During the 2000 Presidential campaign, the mysterious, satirical website www.gwbush.com appeared on the web. The criticisms of George W. Bush on it gained media attention worldwide, culminating in a mention by the Presidential candidate at a press conference. The Yes Men were born. Since then, Andy Bichlbaum (real name: Jacques Servin), Mike Bonanno (Igor Vamos), and an ever-revolving gang of comrades have created amusing actions like printing a fake edition of The New York Times in hopes of calling out entities ranging from Dow Chemical and ExxonMobil to the WTO and the United States Chamber of Commerce. They build websites, pose as company executives, and do anything else they can to draw media attention and point out hypocrisy while having fun doing so.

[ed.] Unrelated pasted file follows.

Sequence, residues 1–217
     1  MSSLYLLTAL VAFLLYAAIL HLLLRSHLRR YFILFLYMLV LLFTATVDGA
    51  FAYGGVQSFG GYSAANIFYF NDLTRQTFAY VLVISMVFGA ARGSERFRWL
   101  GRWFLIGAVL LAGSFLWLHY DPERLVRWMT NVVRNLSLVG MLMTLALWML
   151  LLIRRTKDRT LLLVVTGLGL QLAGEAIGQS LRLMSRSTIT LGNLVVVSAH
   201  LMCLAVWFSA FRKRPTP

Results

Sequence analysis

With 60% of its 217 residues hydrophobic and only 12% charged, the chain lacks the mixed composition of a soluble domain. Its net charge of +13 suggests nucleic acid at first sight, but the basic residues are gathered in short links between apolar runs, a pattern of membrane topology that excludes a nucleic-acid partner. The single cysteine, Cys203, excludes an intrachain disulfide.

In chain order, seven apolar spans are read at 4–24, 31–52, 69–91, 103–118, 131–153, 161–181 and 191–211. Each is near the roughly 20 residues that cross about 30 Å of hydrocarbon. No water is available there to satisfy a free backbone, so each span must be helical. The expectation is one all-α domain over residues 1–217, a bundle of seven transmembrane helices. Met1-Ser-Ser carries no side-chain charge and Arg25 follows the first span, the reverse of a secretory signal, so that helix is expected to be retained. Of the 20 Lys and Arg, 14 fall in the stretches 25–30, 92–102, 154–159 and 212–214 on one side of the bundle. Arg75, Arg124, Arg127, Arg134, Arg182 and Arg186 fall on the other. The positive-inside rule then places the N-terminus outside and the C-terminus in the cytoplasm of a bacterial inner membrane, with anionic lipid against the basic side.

Some of these actions prompted change in policies. They also spawned two documentaries that showed would-be activists how to make an impact. After nearly a decade and a half, the Yes Men want to go further. They recently launched a Kickstarter campaign that raised more than $100,000 and counting to fund a new documentary and something called the "Action Switchboard," an ambitious attempt to help the 100,000-person database get more involved. In Yes Men spirit, USB secret decoder rings are also prominently involved.

Andy Bichlbaum spoke with The Verge about the rejuvenating effects of the Occupy movement, how social media changes the game plan, and the vital role of having fun in activism. As they say, "It's certainly better than sitting on our asses waiting for the world to change on its own. Don't you think?"